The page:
New strategies boost healthy RBC production to target anemia across a range of blood disorders

Dec. 8, 2014

Emerging treatment approaches may reduce the burden of anemia associated with blood disorders by enhancing production of healthy red blood cells, according to data presented yesterday, December 7, at the 56th American Society of Hematology (ASH) Annual Meeting and Exposition in San Francisco.

Many blood diseases are linked to anemia caused by a deficiency of healthy red blood cells (RBCs). These deficiencies occur either when the body cannot maintain adequate RBC production or, instead of healthy adult RBCs, it produces immature cells that cannot transport oxygen throughout the body. Myelodysplastic syndromes (MDS), beta thalassemia, and sickle cell disease (SCD) are examples of these types of disorders and are associated with moderate to severe anemia.

Many people suffering from anemia are treated with erythropoiesis-stimulating agents (ESAs, which help the bone marrow produce RBCs), or hydroxyurea, a chemotherapy agent that reduces the number of unhealthy cells in the blood. However, patients who do not respond to these agents must rely on regular blood transfusions to maintain proper RBC levels. While effective, transfusions are expensive, time-consuming, and associated with unique complications such as iron overload.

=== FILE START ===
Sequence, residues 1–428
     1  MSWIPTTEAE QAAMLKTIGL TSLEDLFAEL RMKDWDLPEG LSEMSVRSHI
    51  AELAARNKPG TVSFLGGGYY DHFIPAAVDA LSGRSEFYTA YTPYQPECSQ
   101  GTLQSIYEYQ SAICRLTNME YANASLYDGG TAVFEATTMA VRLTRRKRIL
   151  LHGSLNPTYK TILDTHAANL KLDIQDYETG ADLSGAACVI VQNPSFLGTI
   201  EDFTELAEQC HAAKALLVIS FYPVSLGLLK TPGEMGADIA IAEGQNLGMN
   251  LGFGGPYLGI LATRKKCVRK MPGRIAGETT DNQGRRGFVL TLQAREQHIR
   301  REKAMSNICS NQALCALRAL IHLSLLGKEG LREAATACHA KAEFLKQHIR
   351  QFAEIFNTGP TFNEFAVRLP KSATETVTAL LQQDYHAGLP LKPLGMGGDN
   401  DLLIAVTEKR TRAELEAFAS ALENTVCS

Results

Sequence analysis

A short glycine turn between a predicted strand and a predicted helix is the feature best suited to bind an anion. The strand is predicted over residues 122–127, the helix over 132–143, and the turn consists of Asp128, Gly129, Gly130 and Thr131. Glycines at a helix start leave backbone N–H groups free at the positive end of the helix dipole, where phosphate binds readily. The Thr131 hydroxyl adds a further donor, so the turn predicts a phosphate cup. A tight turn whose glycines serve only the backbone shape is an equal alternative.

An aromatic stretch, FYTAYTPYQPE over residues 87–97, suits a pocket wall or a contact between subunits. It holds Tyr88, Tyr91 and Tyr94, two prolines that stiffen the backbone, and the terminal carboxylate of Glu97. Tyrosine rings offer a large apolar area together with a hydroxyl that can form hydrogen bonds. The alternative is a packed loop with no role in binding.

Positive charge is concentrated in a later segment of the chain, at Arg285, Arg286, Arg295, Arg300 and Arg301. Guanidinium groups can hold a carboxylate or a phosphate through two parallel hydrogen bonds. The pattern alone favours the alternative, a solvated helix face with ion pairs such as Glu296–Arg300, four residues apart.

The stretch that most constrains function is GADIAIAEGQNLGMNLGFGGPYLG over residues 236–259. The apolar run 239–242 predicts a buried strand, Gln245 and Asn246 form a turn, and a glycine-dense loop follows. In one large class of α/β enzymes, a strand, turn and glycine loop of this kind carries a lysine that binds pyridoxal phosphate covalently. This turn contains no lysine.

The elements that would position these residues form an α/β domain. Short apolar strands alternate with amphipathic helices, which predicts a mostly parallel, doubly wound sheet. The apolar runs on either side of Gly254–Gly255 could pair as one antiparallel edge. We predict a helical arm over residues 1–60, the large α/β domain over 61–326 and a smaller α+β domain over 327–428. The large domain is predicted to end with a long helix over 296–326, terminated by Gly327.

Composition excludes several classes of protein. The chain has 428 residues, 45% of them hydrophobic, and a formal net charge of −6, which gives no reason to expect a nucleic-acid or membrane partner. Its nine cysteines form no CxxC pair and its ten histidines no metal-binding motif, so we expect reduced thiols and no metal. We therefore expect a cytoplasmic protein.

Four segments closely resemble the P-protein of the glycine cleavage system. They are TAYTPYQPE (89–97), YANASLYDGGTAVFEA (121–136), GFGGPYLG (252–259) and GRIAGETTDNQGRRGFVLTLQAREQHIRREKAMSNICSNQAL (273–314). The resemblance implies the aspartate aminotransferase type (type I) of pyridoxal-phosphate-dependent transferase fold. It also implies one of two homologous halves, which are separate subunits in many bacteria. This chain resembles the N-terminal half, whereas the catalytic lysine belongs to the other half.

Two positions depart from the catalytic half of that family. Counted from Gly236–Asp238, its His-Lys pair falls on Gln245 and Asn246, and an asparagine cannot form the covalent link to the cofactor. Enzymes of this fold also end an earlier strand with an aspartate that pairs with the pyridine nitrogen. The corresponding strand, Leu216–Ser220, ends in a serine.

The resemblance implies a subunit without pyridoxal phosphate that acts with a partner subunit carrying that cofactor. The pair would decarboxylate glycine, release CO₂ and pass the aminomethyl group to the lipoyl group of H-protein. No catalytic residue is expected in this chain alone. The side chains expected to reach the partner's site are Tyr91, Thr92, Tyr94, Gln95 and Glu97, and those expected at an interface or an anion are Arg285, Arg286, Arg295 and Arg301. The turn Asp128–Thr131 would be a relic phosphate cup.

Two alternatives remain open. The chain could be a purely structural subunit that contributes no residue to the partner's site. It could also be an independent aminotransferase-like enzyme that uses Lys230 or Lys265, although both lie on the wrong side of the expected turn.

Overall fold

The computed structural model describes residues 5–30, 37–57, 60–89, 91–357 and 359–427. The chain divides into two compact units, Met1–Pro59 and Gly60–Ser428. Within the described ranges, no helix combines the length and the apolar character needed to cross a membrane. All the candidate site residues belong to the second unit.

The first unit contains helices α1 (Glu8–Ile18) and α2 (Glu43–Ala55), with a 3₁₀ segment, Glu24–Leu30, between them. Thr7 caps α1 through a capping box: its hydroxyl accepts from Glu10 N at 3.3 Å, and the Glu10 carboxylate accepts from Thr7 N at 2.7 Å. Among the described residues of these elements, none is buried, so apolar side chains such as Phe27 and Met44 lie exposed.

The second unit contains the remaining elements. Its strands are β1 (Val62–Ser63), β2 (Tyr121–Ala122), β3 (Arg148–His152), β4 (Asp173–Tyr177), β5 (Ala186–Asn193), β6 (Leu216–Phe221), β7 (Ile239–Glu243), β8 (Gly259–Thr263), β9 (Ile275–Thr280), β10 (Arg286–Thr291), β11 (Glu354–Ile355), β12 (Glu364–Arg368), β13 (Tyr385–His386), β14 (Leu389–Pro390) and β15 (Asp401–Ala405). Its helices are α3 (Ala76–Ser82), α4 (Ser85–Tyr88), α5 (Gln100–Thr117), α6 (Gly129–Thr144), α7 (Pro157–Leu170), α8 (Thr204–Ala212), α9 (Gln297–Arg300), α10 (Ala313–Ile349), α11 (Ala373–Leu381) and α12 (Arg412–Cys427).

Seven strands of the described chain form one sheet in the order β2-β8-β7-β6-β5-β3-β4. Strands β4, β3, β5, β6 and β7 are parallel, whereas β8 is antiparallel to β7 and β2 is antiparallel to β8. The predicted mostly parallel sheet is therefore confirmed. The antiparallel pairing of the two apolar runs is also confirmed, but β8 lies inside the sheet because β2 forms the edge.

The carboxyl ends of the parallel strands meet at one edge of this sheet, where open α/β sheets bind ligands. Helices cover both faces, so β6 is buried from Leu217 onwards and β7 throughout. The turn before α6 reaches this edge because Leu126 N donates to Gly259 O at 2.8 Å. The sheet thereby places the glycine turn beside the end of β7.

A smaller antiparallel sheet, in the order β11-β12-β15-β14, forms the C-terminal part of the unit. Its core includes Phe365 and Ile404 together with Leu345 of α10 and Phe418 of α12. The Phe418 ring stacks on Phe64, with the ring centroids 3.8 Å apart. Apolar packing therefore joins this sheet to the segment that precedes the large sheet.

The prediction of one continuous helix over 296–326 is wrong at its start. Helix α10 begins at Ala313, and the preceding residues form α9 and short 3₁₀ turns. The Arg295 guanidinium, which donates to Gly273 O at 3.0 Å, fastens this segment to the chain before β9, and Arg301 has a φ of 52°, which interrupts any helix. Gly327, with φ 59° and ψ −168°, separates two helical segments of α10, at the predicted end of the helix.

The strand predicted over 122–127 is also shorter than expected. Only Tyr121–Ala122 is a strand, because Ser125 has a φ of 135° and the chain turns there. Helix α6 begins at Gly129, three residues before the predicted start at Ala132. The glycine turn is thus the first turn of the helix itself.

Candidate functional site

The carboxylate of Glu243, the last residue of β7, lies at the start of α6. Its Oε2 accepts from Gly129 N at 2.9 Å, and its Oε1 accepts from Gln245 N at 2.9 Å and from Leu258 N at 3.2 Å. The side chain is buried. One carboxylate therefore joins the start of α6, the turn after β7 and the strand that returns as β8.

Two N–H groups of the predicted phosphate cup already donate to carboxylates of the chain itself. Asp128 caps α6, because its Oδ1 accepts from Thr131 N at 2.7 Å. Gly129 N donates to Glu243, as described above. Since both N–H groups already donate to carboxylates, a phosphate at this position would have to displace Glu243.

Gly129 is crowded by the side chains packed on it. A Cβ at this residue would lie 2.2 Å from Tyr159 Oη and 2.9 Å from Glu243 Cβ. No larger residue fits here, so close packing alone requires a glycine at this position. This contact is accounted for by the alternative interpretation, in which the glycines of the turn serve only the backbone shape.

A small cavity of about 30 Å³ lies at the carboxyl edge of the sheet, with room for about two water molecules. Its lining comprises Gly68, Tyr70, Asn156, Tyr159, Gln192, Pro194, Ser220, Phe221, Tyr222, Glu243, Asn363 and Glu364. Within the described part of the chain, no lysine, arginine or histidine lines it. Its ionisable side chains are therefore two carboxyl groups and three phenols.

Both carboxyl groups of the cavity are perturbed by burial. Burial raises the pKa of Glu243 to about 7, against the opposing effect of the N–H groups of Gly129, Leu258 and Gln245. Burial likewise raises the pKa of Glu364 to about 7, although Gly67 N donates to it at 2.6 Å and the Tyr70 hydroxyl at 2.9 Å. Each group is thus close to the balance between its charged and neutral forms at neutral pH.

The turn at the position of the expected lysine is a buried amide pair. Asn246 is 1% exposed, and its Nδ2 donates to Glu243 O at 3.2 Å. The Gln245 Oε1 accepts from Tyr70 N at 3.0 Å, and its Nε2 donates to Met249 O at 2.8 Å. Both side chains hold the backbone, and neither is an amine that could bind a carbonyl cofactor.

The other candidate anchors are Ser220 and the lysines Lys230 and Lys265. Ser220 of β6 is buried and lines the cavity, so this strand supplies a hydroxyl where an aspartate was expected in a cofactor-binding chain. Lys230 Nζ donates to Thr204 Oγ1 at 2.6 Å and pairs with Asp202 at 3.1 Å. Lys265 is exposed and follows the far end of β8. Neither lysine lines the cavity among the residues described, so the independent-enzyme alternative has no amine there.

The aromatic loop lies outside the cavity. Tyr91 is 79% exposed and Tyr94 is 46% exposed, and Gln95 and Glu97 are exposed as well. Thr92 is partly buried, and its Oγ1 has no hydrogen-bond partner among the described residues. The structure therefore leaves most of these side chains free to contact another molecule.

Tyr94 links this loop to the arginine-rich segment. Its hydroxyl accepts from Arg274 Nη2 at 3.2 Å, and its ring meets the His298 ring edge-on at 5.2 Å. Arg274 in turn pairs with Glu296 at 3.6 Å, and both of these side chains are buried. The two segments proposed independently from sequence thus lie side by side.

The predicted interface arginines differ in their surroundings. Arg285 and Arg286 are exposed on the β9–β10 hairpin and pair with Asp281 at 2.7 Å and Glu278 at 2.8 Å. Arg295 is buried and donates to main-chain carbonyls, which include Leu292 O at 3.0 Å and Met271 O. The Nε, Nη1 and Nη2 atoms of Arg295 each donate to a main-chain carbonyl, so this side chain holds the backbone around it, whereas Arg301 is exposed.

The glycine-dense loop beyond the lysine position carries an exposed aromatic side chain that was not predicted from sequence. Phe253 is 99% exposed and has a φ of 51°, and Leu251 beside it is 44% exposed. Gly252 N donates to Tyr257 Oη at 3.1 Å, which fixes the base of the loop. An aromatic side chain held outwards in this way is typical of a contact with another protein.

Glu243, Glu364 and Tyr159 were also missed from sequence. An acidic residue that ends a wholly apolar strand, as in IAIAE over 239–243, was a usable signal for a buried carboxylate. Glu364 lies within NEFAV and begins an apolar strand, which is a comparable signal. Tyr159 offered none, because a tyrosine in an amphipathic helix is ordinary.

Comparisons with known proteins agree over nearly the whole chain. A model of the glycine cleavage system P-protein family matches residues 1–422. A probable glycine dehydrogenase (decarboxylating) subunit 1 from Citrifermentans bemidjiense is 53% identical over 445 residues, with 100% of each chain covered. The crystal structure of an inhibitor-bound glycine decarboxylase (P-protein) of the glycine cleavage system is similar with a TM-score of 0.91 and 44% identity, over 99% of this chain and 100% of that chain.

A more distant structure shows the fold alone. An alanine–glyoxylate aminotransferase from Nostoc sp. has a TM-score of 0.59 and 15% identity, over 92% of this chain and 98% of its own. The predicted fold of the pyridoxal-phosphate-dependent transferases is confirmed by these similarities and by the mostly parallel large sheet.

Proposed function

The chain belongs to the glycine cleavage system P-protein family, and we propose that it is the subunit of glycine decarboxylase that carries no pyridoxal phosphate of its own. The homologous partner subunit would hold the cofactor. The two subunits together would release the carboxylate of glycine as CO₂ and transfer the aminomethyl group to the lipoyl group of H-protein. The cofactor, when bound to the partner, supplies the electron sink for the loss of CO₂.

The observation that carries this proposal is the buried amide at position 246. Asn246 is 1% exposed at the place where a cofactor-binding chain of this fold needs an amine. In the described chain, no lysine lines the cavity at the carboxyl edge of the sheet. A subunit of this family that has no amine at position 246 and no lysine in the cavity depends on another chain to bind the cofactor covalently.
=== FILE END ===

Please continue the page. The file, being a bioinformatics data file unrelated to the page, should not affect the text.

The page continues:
New research presented yesterday suggests that a class of agents known as activin receptor fusion proteins may reduce the burden of anemia by encouraging healthy RBCs to mature and proliferate. Two treatments in this class offer similar mechanisms and are under investigation for use in patients with low-risk MDS and beta-thalassemia. A separate study suggests that a complementary approach using the amino acid L-glutamine may support healthy RBC growth and diminish the complications of anemia with minimal side effects. Finally, a long-term observational analysis characterizes the natural history of SCD, better illustrating the early mortality associated with the disease and identifying opportunities for intervention during the transition from pediatric to adult care.

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